PETER GARRETT: Well Mike what I can say to that is...

MIKE CARLTON: That's going to throw a lot of people, you know.

PETER GARRETT: Well I think this industry's done really, really well from this rebate.

And the fact of the matter is that they were assiduously and strongly promoting the rebate. We reached a point where we recognised that we provided such significant support for the rebate, some...

MIKE CARLTON: Yeah, yeah, but no, you're missing the question, missing the question. If I was, you know, wanting to get the solar panels stuck on the roof and I went to the solar panel supplier, let's say last, you know, last Friday, for example. And they said, yes right, we'll fix it all up and we'll get the paperwork done for you and that paperwork hadn't been done by five o'clock, you're done. You're screwed, aren't you?

PETER GARRETT: Well the Government's got to make a decision about when it's going to announce the transition...

SANDY ALOISI: But why no warning?

MIKE CARLTON: Why no - a warning might have helped.

SANDY ALOISI: Why wouldn't you say in two weeks this is what we'll do.

PETER GARRETT: Yeah, I think the answer is that we saw a remarkable spike in applications for the solar panel rebate around about the time of the Budget. The industry has known for some time...

MIKE CARLTON: And we're getting a remarkable spike in telephone calls from our listeners at the moment saying that you're been unfair and unreasonable.

PETER GARRETT: Well I think that, having given some $700 million in support, having provided installations to the level that we had and with a year's worth of work in the system and now, by providing the opportunity for a transition to solar credits.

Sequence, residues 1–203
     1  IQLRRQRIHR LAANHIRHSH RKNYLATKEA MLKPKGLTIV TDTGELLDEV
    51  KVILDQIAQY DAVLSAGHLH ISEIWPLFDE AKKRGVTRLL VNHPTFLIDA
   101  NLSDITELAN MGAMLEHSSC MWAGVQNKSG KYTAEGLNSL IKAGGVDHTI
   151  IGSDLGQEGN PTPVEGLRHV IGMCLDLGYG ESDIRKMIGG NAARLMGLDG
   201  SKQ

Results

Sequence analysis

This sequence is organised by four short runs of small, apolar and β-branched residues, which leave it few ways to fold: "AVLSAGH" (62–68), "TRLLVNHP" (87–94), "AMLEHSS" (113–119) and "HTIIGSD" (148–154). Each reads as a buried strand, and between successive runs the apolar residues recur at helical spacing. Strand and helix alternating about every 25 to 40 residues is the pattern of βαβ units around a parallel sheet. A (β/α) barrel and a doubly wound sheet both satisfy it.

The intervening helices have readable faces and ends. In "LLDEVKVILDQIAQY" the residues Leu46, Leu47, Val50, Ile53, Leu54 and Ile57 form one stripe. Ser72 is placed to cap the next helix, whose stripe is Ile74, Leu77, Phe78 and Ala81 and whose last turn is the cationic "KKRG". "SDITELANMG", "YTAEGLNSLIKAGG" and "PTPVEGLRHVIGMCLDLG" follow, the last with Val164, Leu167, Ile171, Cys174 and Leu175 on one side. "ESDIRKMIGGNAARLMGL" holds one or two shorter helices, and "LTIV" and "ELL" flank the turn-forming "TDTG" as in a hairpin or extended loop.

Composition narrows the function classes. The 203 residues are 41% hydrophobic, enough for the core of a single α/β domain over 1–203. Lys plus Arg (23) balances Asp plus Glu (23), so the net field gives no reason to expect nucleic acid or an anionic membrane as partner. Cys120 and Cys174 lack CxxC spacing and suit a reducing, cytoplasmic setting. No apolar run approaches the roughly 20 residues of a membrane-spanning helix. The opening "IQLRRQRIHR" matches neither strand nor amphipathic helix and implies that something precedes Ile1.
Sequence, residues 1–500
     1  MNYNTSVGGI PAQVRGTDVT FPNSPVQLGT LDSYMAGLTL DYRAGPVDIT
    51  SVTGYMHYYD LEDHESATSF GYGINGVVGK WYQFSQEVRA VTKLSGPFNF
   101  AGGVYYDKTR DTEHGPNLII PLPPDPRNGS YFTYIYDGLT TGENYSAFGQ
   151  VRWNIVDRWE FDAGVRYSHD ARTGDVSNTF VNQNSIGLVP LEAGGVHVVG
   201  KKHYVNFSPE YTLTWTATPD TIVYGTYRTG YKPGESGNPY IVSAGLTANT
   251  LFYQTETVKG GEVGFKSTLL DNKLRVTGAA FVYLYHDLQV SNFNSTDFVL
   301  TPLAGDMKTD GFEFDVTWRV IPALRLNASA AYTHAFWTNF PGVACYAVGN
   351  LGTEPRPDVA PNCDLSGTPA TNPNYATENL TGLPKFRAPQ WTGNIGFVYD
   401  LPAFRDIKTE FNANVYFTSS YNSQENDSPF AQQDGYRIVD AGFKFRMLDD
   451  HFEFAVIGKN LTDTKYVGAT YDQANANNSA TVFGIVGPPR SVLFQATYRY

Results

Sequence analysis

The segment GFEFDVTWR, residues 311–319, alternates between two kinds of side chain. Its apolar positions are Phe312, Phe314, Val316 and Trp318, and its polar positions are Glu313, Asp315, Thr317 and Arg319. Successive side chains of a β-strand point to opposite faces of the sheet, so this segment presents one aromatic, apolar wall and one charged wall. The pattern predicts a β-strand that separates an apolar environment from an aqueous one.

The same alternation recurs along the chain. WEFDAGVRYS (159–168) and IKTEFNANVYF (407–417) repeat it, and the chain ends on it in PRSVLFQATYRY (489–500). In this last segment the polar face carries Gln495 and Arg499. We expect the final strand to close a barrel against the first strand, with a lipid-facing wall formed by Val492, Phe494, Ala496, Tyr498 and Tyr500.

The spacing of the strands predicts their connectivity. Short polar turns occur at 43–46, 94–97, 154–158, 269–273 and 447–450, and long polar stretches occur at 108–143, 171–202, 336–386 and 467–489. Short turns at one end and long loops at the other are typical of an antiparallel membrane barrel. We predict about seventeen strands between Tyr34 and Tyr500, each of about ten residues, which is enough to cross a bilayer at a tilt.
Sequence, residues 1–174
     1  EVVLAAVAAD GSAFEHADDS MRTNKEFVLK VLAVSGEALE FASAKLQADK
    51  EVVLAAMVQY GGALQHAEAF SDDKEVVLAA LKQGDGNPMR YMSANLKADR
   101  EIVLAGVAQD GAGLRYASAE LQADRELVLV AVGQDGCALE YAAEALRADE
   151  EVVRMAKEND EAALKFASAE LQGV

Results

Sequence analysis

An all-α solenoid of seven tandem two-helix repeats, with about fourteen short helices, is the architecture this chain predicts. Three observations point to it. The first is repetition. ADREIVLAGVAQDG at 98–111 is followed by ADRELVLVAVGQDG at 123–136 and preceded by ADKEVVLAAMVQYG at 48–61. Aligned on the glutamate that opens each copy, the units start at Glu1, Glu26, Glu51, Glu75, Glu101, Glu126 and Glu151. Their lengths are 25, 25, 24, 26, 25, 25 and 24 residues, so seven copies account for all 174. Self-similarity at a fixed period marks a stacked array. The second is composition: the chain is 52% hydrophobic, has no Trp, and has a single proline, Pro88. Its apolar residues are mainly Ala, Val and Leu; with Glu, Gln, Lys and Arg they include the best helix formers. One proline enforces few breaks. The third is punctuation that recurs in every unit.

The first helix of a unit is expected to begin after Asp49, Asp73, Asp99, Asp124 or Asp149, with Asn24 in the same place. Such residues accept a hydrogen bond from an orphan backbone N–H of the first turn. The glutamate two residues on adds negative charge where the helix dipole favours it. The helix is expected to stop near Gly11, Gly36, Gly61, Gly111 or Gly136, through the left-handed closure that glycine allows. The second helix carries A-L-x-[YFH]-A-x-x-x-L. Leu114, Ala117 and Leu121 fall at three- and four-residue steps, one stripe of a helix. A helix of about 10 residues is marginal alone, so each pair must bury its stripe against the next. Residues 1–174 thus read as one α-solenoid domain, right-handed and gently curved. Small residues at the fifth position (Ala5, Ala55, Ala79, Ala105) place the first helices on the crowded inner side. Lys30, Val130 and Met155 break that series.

So all those people that wanted to get solar panels on their roof will still be able to do that. And in fact more will be able to because it's no longer means tested. But the Government's very strong view was that we provided significant support by way of the rebate, way past what we'd actually committed and because we've got a year's worth of work in the system on those rebates, the appropriate policy response from us, to support solar into the long-term, was to transition across to solar credits, give people the opportunity to apply as they can today for solar credits and in so doing, you know, keep the industry on a sustainable...

MIKE CARLTON: All right. Now we're getting other calls here. Are you going to do exactly the same to the Pink Batt business, the roof insulation? Are you suddenly going to chop that off without warning?

PETER GARRETT: Well we'd always said, Mike, and we said it consistently that we were going to transition to solar credits and that's the commitment that we made and that's what we're doing. And I can certainly say, in terms of the ceiling insulation program that the Government has, we're totally and absolutely committed to rolling out that ceiling insulation. It's a fantastic program, you get a $1600 rebate to put ceiling insulation in your roof. You reduce your energy costs and you reduce greenhouse gas emissions and we've seen that program roll out and it will be one of the most exciting and positive things that we do. And look, I've got to say, that at the time when we brought in the means test for this solar panel rebate, everybody jumped up and down, including the industry and the Opposition said the solar industry's going to go to the wall. There were campaigns running, people were accusing me of all manner of sins. And I said at the time, this is the right course of action to ensure that we have a good solid growth prospects for the solar industry. And that's what happened.

But here's what the Government's done. A commitment of $150 million in the Budget, we're now at $700 million and we're providing for the transition knowing that there's been a boom in solar power and it is absolutely the right time for the industry to transition to solar credits.

And it also means that people who earn more than $100,000 a year, because the current rebate was means tested, will have access to solar panels as well.


SANDY ALOISI: Okay, Peter Garrett, thank you for your time.

MIKE CARLTON: Thanks, Peter.

PETER GARRETT: Thanks, Mike. Thanks, Sandy.

MIKE CARLTON: Peter Garrett, the Environment Minister there.